Replacements Staff Member Dinnerware Pattern Favorite(s)!
This month, we feature
Bridal Wreath by Fostoria and
Sweet Briar by Princess China. These stunning patterns were inherited by our own Jaime Robinson. Jaime currently works as a member of the research and curating staff and we consider him an expert in American crystal and china. He has been with Replacements, Ltd. since 1996. He is credited with assisting in research and publication of several pieces of Replacements, Ltd. literature. The story behind how he acquired his beautiful crystal and china patterns is neat, and is typical of how hundreds of thousands of our customers acquired their patterns.
Jaime grew up on the west coast, in Seattle, Washington. Some of the great American tableware manufacturers were located on the west coast, including Franciscan, Flintridge, Sascha Brastoff, and Metlox. He has a special affinity for all things Mid-Century Modern. This phrase has been used recently to describe patterns made from the early 1950's through the 1960's. He mainly collects items from 1957 - 1966.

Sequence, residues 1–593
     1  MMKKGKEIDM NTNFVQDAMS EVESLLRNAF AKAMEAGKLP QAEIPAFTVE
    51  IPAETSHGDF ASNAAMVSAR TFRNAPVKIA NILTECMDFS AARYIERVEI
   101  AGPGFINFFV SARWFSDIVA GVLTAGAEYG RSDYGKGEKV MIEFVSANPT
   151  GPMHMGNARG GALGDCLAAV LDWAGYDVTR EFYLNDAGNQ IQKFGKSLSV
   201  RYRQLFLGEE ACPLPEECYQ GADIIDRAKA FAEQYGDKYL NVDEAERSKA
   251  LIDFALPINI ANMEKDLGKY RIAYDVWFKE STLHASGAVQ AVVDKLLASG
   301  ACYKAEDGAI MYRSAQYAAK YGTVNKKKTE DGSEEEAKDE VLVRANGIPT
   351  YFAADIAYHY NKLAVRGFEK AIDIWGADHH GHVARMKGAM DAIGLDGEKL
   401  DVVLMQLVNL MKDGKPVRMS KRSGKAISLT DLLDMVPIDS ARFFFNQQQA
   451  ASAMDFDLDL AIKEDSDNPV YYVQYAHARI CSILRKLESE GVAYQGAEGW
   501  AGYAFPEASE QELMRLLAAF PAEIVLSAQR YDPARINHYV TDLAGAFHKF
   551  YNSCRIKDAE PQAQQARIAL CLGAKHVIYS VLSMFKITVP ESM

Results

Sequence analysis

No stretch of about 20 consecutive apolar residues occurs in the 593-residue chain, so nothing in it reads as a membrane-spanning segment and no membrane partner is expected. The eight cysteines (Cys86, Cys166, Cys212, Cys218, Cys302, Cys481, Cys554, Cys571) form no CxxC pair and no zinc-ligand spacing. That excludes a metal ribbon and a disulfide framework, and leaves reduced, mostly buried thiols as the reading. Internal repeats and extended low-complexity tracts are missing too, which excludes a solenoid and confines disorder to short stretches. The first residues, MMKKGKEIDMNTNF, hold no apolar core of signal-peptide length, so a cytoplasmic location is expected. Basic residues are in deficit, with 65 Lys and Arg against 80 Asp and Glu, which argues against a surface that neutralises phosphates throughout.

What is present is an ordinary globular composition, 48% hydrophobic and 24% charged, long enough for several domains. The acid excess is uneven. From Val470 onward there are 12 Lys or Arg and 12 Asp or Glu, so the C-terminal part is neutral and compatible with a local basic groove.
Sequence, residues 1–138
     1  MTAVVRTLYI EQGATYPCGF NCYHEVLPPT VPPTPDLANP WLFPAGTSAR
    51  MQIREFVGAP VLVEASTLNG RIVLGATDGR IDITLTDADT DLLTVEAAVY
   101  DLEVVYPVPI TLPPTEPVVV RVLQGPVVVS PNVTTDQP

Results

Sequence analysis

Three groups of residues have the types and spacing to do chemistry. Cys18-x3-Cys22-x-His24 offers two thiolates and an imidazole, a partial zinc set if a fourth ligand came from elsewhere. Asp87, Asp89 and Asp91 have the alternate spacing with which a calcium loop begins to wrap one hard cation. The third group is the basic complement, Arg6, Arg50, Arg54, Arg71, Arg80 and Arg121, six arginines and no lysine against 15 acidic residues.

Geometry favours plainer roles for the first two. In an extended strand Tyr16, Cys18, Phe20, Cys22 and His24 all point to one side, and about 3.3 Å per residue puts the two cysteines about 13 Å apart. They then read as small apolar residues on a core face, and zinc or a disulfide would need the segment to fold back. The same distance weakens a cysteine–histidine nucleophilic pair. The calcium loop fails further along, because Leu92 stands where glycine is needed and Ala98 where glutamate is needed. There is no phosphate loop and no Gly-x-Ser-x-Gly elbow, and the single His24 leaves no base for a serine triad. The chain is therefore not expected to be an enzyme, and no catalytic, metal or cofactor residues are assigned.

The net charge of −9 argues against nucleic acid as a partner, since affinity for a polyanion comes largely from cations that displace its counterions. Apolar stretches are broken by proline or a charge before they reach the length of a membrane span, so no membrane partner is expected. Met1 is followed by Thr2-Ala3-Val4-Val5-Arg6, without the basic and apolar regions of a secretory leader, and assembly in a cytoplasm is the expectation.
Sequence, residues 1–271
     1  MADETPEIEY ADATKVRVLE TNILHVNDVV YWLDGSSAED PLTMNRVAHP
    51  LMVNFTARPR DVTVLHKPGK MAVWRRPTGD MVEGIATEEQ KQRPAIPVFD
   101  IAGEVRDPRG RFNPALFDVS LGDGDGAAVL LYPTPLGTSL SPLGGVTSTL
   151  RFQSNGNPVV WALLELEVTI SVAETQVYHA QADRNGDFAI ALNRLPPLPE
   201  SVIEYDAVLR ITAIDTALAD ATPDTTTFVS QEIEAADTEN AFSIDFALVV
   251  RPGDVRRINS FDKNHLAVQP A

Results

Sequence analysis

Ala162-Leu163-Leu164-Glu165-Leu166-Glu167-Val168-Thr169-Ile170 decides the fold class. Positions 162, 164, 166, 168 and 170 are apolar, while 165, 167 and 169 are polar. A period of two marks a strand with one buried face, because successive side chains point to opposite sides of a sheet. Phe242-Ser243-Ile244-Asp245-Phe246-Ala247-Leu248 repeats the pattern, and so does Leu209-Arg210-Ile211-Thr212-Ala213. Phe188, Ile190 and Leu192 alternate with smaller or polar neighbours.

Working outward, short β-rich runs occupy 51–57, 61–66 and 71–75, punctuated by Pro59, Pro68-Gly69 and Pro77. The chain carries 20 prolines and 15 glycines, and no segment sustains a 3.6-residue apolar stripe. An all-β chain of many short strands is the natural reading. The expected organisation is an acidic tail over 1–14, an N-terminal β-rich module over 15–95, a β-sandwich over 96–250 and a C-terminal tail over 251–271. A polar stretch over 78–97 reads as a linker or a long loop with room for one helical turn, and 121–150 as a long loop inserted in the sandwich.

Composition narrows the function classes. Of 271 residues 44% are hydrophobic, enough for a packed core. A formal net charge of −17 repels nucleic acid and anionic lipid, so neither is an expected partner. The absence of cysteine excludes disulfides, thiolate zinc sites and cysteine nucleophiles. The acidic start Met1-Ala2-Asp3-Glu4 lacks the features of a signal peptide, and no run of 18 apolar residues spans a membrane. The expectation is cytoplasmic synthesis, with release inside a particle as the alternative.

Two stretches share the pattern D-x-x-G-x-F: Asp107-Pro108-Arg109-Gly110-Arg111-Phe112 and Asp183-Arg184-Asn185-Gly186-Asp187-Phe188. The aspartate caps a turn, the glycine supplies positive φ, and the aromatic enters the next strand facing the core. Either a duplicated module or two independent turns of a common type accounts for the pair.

Jaime’s china pattern is
Sweet Briar by Princess China. The pattern features a scalloped white body with attractive pink rosebuds along the rim. Each piece is trimmed in gold. Jaime’s mother bought the pattern in 1955, after being married for almost 10 years. At the same time, one of Jaime’s mother’s friends decided to buy the same pattern. Later, Jaime inherited
Sweet Briar from his mother and paired it with Fostoria’s
Bridal Wreath . This pattern features Fostoria’s stem 6049, and was produced from 1952 – 1965. The pattern features a polished, gray-cut wreath design. For a cut pattern of this period,
Bridal Wreath features a wide variety of serving pieces, including cups and saucers and two styles of jug/pitcher. The cut wreath design of Bridal Wreath coordinates well with Jaime’s dinnerware pattern, Sweet Briar.
Sweet Briar and
Bridal Wreath , Jaime also collects Wallace Silver’s
Discovery and Flintridge Pottery’s
Sorrento-Gold . Today, Jaime continues in his quest to find the most striking and memorable pieces made during the mid-century modern period.